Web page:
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This case saw approval of the partial settlement in the Queensland floods class action. The settlement, with the State of Queensland and SunWater, covers half of the liability for the class members’ losses. It follows trial judge Justice Beech-Jones’ finding in November 2019 that the defendants were vicariously liable for losses caused by the negligence of flood engineers. The first defendant (Seqwater) has persisted with its appeal of the judgment against it.

In deciding to approve the settlement, Adamson J first considered the complexity and likely duration of the proceeding. The appeal listing was for 12 days and was set to involve the difficult assessment of counterfactuals and a manual used in flood management. Assessment of damages by a court would be lengthy and expensive (at [20]). 

Her Honour determined that, despite the calibre of the trial judge and the quality of his Honour’s reasons, the proposed settlement represented a reasonable compromise in light of the risks of litigation (at [22]). Tort cases were said to be particularly open to differing judicial views. Noting that the floods were over a decade ago, her Honour considered it to be in the interests of class members that they recover losses sooner rather than later, and without the stress and uncertainty of continuing litigation (at [23] and [29]).

Despite not being a party to the settlement, Seqwater opposed the plaintiff’s application for non-publication orders concerning evidence adduced in support of the settlement approval. The plaintiff submitted that the orders were necessary to prevent Seqwater from gaining a forensic advantage in the appeal proceedings and in the remaining issues before the trial judge. Seqwater argued that it had an interest in knowing the costs and damages to be paid.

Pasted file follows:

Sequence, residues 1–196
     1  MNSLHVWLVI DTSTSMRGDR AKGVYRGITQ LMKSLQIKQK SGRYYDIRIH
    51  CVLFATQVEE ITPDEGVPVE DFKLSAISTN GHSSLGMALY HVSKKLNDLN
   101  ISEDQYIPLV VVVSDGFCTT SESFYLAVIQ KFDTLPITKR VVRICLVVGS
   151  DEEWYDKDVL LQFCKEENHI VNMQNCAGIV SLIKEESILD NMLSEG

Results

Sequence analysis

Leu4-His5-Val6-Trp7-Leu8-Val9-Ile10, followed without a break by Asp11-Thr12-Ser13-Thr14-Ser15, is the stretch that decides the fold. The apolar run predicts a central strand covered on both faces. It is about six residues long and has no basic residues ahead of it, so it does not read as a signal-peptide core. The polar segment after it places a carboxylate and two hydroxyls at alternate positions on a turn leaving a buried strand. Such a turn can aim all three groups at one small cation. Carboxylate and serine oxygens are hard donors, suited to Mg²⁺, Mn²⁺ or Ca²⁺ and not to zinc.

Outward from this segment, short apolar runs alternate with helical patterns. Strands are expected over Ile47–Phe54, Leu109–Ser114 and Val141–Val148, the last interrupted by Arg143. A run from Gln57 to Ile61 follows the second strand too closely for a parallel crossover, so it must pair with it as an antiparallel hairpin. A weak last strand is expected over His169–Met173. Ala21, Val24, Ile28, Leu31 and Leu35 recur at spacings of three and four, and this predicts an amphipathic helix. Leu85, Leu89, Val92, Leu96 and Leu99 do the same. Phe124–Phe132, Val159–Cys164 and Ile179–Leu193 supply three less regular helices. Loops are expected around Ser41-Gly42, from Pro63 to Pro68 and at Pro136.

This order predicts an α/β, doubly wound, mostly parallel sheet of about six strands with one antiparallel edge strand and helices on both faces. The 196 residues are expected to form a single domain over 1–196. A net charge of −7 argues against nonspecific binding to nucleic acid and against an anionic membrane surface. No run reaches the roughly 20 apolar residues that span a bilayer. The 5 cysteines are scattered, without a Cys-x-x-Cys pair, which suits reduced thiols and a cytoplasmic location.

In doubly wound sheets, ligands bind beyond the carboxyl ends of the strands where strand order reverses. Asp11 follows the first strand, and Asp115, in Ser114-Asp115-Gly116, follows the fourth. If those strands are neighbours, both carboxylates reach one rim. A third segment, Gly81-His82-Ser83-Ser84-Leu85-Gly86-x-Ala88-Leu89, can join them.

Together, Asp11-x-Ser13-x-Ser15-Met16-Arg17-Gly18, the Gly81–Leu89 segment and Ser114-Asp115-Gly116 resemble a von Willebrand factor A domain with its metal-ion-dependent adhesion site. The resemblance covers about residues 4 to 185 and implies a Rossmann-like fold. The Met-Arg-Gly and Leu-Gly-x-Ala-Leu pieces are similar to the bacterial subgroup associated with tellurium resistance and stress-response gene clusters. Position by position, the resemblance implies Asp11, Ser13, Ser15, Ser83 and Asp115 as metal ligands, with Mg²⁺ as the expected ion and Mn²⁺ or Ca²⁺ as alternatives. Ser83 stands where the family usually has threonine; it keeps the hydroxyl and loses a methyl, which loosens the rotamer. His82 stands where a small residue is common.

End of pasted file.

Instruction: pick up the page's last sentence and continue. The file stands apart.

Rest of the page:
Determining that the present case was “plainly one” where a non-publication order was necessary, her Honour noted that the details of settlements have the potential to prejudice the interests of settling parties (at [13]). Though the protection of open justice is a primary objective of the Courts Suppression and Non-Publication Orders Act 2010 (NSW), there was significant public interest in encouraging settlement.

Her Honour found that Seqwater had no legitimate interest in obtaining the material. With regards to information concerning costs, Seqwater’s interests were not affected by the agreement of the other parties, given it was ordered to pay costs on a party/party basis. Concerning the amount that class members would receive, her Honour noted that the assessment of claims of individual class members was still some way off. 

Her Honour concluded (at [29]) by congratulating the parties (explicitly with the exception of Seqwater) “on reaching a fair and reasonable settlement which will undoubtedly lead to a significant saving of costs, reduce the delay in group members receiving recompense for their losses and provide a degree of certainty to all those involved.

Rodriguez & Sons Pty Ltd v Queensland Bulk Water Supply Authority trading as Seqwater (No 28) [2021] NSWSC 467

Supreme Court of New South Wales, Adamson J,
4 May 2021

Plaintiff’s Solicitors: Maurice Blackburn Pty Ltd;
First Defendant’s Solicitors: King & Wood Mallesons;
Second Defendant’s Solicitors: Norton Rose Fulbright;
Third Defendant’s Solicitors: Crown Solicitor for the State of Queensland;
Plaintiff’s Funder: Omni Bridgeway Ltd

Austlii Link: Available here

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